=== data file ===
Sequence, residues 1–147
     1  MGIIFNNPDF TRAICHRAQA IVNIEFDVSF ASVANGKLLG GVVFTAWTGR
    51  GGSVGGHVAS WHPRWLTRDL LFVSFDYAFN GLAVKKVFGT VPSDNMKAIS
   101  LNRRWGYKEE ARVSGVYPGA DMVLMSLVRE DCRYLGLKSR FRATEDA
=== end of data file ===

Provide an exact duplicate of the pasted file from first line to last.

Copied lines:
Sequence, residues 1–147
     1  MGIIFNNPDF TRAICHRAQA IVNIEFDVSF ASVANGKLLG GVVFTAWTGR
    51  GGSVGGHVAS WHPRWLTRDL LFVSFDYAFN GLAVKKVFGT VPSDNMKAIS
   101  LNRRWGYKEE ARVSGVYPGA DMVLMSLVRE DCRYLGLKSR FRATEDA